In the long run, FHA loans are much like any other except that they are generally easier to qualify for, and the borrower has more insurance against foreclosure. FHA programs also offer more than just home purchasing plans. They offer refinancing in order to lower interest rates or payment amounts; they offer remodeling money; they even offer cash out or debt consolidation loans.  Whatever your needs are, FHA may be a valid option to pursue. 

RHS Loans

Rural Housing Services (RHS) loans are administered by the USDA's Rural Development staff. The Housing and Community Facilities Programs (HCFP) is part of the USDA's Rural Development. Their mission is to improve the quality of life in rural areas. Part of fulfilling that mission is providing loans and grants for housing and community facilities. Loans can be obtained for building, repairing, renovating, relocating, purchasing, and even preparing sites for construction.

They have a variety of programs. Among these are the Section 502 housing programs which are either guaranteed or direct. The Section 502 loans are designed to help rural residents that are without adequate housing and cannot obtain credit elsewhere. They must have an acceptable credit history and must be able to make the mortgage payment (estimated at 22-26% of income).

The guaranteed loans are made by the private sector but guaranteed by RHS. They help rural residents with low-to-moderate income (up to 115% of Area Median Family Income) obtain housing. Section 502 direct loans are made directly by the government. They target low and very low income families (50-80% AMI and under 50%). The terms of the loans are generally long—30-33 years, sometimes, based on need, stretched up to 38 years.

While the Rural Housing Services are committed to helping rural residents obtain affordable housing, they do have requirements that the homes be modest in size, design and costs. As with any loan, the borrower must determine which loan program will best match their needs. RHS loans are an excellent way to obtain housing that fits within your means when other loans programs will not work.

VA loans

Like the FHA loans, VA loans are only guaranteed by the U.S. Department of Veteran Affairs; lenders make the loans to eligible veterans for the purchase, construction, or energy-saving improvement (approved by the lender and VA) of a home. VA loans also have easier eligibility requirements than conventional loans, often lower closing costs, and more liberal terms (usually no down payment is required) including negotiable interest rates. If you are eligible, the VA will issue a certificate of eligibility that you take to the lender when making application for your loan. Lenders generally place a maximum limit on VA loans.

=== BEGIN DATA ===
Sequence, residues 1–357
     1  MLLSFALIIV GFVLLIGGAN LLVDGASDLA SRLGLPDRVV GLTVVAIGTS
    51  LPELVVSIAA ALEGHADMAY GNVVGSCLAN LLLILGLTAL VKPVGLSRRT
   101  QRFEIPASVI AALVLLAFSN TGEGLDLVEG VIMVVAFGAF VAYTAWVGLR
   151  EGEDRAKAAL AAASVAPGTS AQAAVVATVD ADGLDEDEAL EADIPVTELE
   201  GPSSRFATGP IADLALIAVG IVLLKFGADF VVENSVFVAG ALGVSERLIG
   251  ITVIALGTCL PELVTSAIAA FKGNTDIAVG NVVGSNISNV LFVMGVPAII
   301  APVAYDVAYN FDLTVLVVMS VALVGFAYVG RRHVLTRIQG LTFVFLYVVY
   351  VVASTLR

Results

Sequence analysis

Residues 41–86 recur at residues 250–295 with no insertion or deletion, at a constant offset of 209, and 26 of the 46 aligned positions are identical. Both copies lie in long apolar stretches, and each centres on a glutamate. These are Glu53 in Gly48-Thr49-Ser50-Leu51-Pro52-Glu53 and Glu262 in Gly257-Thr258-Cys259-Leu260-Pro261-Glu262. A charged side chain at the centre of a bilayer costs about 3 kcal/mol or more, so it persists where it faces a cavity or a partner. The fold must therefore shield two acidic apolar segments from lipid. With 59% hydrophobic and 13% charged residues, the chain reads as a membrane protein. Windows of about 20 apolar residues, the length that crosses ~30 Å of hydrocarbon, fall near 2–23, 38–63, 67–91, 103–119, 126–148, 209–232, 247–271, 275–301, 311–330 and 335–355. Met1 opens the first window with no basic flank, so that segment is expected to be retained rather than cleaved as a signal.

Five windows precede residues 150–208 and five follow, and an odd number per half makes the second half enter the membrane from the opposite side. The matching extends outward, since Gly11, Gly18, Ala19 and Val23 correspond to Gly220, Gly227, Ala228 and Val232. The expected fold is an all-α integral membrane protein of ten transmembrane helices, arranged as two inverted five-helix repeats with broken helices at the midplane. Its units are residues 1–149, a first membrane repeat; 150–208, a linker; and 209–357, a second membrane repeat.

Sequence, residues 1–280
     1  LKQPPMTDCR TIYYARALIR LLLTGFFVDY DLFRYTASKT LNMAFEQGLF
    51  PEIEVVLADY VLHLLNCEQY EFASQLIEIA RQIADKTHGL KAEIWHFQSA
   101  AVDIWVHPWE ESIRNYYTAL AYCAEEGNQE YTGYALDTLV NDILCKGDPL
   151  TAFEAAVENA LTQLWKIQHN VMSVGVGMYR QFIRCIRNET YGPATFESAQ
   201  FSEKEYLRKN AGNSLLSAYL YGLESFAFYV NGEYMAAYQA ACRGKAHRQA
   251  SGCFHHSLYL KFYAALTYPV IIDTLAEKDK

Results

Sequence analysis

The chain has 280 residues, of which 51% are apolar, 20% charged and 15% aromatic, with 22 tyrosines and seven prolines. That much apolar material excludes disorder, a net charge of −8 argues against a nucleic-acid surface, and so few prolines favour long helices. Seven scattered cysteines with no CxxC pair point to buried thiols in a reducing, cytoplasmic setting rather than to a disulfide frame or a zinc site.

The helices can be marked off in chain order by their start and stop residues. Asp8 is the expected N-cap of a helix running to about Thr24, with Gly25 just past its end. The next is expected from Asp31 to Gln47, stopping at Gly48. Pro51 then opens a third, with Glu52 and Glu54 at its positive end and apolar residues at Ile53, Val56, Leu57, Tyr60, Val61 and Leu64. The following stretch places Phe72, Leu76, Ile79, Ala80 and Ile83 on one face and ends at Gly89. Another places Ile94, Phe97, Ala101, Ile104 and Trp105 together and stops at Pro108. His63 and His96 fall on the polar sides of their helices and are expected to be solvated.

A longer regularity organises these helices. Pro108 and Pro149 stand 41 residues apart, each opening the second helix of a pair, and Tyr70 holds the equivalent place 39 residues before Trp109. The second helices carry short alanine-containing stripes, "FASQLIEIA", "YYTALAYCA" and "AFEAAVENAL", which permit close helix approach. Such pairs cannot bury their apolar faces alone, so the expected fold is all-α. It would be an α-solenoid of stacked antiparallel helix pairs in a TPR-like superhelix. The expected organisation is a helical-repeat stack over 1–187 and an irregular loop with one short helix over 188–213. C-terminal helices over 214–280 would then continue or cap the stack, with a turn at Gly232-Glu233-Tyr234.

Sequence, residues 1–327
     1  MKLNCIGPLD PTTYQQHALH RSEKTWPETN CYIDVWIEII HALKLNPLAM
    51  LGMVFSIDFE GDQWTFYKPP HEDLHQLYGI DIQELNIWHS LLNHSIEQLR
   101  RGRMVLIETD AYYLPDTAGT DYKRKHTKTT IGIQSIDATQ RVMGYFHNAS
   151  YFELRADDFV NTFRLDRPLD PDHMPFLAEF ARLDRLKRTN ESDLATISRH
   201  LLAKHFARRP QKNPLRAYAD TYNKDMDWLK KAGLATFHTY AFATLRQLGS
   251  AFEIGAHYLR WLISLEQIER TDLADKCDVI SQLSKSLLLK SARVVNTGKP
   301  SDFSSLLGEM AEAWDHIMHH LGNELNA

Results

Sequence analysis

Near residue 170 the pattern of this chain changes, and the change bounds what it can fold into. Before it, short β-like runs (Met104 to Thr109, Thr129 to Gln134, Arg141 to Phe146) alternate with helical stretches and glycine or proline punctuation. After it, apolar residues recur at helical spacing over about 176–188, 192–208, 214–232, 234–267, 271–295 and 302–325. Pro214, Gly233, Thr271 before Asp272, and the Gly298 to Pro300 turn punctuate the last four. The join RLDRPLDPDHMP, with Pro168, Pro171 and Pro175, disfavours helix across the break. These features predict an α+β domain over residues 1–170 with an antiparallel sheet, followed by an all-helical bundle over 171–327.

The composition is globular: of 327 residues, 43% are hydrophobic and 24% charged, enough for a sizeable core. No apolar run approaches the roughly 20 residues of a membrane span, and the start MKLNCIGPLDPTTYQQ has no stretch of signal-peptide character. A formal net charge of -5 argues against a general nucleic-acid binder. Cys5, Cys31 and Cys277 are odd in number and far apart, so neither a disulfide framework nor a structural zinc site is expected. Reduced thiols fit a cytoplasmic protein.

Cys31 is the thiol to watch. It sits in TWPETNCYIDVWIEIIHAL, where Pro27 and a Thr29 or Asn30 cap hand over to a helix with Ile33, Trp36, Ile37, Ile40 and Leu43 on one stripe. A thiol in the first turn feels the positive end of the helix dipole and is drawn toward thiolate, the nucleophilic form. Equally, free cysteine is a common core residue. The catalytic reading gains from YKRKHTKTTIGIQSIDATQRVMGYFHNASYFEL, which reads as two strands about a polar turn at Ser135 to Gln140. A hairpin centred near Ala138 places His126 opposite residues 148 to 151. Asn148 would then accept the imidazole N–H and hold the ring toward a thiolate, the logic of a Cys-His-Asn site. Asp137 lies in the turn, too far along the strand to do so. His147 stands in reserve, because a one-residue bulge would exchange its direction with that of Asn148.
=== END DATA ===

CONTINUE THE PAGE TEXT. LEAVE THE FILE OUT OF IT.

Conventional Loans - Conventional loans are classified as conforming or non-conforming.

Conforming loans

Loans that adhere to the guidelines set forth by Fannie Mae (from FNMA: Federal National Mortgage Association) and Freddie Mac (from FHLMC: Federal Home Lone Mortgage Corp ) , two corporations that purchase, package and sell loans that meet their conditions as securities to investors. These are referred to as “A” paper loans. Conforming loans must meet certain guidelines regarding down payment, loan limits, borrower qualifying criteria and appropriate properties.

Non-Conforming / Portfolio Loans

Loans that fall into “B, C or D” paper profiles are the non-conforming loans. They are often offered to high credit-risk borrowers with a detrimental credit history by portfolio lenders. Portfolio lenders don't intend to sell their loans so they can be more liberal about their borrowers' eligibility requirements. However, these loans generally have a higher interest rate than conforming loans.